FIGURE 1. Location and structural map of the Shulu Sag: (A), tectonic setting of the Shulu Sag, located in the southwestern corner of the Jizhong Depression (I); (B), structural outline map of the Shulu Sag; (C), transverse section across the middle segment of the Shulu Sag, the position of the section is represented as a blue line in (B).


FIGURE 2. Stratigraphic systems of the Shulu Sag.

The Ningjin Uplift west of the Shulu Sag is an important provenance area. Under the influence of the Ningjin Uplift, carbonate conglomerate and mixed marl exist mainly in the Es3x members (Zhang et al., 2021). The marl is mostly formed in a semi--to-deep lake environment (Han et al., 2015; Li et al., 2016; Huo et al., 2020). In recent years, significant breakthroughs have been made in tight oil exploration in the Shulu Sag. Specifically, 20 wells have been drilled, 17 of which encountered oil and gas, and five yielded industrial oil flow. Drilling revealed that the marl is mainly distributed in the gentle slope zone and trough area of the sag. Overall, the marl is a wedge-shaped sedimentary body with thickness ranging from 100 to 1,500 m, with the greatest thickness being in the center of the sag.

Samples and experimental methods


More than 100 core samples were collected from wells ST1 and ST3 in the Jizhong Depression Shulu Sag (Figure 1B). All samples were chosen among the Es3x members. A total of 13 core samples were thoroughly studied using a variety of methodologies; specifically, these samples consisted of six and seven core samples from the laminated and massive marls, respectively. The sample information is shown in Table 1.


TABLE 1. Mineral composition, total organic carbon, and porosity of the samples from well ST1.

Experimental methods

Petrological analysis

The core samples were cut into thin pieces and examined under a polarized light microscope and a cathodoluminescence microscope, allowing the fabric of the rock to be identified.

A TTR-type XRD device was used to analyze the mineral component of core samples. Powdered samples (300 mesh size) were soaked with ethylene glycol for 8 h at 60 °C before being heated for 3 h at 550°C (Cui et al., 2021). To collect specimens, minerals were removed from the solution. Air-dried specimens were X-rayed with a diffractometer outfitted with a Cu-target Ceramic X-ray tube with emissive and receiving slits of 0.6 and 8 mm, respectively. The Rochquan+2012 program, developed by The Research Institute of Petroleum Exploration and Development (RIPED), was used to calculate the mass percentage of each mineral.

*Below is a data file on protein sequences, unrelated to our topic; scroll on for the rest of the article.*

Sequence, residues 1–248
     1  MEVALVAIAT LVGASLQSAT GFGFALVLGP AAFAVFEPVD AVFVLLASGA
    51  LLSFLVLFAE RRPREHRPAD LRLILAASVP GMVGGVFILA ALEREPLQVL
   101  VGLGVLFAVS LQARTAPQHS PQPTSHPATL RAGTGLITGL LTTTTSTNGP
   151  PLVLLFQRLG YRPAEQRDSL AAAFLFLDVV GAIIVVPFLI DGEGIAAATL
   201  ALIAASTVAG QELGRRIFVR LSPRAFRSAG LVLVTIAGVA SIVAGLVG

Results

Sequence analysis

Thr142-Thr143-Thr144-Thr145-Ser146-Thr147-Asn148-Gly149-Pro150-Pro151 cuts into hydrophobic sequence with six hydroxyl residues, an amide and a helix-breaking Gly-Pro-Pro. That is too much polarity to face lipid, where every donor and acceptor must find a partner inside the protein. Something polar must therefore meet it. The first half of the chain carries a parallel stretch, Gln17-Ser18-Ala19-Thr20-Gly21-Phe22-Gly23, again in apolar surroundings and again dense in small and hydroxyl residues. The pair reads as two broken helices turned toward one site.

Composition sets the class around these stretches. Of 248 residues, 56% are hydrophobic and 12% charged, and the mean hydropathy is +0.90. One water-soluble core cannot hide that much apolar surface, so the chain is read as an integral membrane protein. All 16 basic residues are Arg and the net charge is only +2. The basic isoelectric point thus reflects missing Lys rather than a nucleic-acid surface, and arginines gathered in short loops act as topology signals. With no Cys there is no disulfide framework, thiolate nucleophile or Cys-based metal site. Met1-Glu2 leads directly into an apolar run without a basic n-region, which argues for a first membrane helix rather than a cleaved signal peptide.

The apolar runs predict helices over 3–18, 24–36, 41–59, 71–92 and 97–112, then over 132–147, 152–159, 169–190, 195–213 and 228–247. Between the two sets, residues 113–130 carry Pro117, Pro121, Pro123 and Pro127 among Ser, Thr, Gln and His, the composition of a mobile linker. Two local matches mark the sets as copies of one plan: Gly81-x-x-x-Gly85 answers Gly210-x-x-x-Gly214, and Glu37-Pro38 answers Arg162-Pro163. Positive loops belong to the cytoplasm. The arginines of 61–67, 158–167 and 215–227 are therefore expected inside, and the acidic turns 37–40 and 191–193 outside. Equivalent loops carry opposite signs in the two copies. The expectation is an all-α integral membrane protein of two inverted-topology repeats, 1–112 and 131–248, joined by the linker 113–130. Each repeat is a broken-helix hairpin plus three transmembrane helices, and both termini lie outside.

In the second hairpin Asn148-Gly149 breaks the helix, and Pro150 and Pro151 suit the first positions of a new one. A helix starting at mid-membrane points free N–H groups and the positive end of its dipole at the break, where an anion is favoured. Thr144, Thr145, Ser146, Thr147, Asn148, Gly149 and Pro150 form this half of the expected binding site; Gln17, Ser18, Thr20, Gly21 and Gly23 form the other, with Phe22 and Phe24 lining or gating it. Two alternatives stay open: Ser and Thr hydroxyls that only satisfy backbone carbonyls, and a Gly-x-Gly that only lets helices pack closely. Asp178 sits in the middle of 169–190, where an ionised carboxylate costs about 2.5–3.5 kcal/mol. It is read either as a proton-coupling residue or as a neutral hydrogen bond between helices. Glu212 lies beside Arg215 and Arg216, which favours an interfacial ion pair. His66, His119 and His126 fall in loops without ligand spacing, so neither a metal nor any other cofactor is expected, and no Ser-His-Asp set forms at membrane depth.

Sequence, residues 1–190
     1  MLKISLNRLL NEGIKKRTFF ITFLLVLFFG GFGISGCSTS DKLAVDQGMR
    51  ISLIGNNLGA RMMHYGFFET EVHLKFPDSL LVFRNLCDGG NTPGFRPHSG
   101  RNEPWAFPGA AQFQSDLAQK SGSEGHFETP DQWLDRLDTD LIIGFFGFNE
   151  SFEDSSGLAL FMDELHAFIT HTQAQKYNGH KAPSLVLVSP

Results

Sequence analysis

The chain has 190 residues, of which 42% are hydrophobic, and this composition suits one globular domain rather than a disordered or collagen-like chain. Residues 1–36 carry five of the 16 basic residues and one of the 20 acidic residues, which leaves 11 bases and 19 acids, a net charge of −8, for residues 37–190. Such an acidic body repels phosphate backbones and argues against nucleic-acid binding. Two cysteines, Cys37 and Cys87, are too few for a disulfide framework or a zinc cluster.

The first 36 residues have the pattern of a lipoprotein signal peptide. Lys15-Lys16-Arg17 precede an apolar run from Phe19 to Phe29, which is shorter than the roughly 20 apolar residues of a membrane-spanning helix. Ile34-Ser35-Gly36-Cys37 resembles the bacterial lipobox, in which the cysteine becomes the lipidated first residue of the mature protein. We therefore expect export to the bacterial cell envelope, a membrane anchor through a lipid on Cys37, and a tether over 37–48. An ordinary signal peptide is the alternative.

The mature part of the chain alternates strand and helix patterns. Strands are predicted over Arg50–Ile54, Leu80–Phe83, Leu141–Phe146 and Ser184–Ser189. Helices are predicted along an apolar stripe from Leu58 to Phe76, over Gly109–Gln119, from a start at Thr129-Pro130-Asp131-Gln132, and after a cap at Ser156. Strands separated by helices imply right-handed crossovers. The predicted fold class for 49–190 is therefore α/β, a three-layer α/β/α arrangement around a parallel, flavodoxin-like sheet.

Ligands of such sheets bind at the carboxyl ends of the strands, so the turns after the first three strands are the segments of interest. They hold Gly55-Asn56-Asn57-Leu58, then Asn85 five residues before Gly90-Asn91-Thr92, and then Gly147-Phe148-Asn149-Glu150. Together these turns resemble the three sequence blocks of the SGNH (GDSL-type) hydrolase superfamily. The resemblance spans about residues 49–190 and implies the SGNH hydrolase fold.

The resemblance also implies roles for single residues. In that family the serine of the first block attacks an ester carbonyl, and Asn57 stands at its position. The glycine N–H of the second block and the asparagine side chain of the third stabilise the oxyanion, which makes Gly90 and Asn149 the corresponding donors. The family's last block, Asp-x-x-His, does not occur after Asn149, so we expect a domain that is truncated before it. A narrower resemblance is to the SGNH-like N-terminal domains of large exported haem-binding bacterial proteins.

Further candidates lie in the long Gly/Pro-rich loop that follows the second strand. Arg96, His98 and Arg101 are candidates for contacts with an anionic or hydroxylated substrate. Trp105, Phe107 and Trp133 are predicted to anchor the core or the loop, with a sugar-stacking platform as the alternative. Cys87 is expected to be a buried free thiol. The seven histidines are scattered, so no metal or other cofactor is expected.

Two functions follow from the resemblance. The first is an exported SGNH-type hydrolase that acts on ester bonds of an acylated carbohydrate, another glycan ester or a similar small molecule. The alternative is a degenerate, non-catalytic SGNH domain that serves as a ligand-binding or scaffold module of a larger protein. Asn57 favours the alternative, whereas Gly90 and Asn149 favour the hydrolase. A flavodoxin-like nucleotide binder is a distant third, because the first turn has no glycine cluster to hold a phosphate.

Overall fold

The TOC test was carried out on the samples using the LCO CS230 instrument, following the Chinese National Standard method GB/T 19145–2003 (He et al., 2018).

To identify pore types and morphologies in the samples, a Quanta 650 FE-SEM was employed. The resolution and accelerating voltage of the SEM were 1.2 nm and 30 kV (Zhang et al., 2020), respectively.

Porosity and permeability measurements

Porosity and permeability tests were outsourced at PetroChina Huabei Oilfield Company. Core plugs with a diameter of 2.5 cm and length of 5 cm were drilled from the massive and laminated marl. Using Boyle’s law, the porosity of core samples was measured using Ultra-pore 200A and the He permeability of core samples was measured using Ultra-perm TM200. The core plug was cleaned in benzene and alcohol for 1 month to remove residual oil, dried, and finally analyzed for petrophysical properties. The test methods were conducted per the Chinese National Standard method SY/T5336-2006 (Zhang et al., 2018).

Pore-throat structure analysis

Thirteen core plugs (25 × 25 mm) were subjected to MICP analysis with the Auto Pore IV equipment at the State Key Laboratory of China University of Petroleum (Beijing) to assess the pore architecture and pore throat distribution. A throat radius of 6 nm corresponds to a mercury intrusion pressure maximum of 200 MPa. The test premise for the experiment was SY/T5346-2005/4, and conditions were 18°C (room temperature) and 55% humidity (Zhang et al., 2020). The injection curves and other data were acquired to assess the properties of pore-throat structures.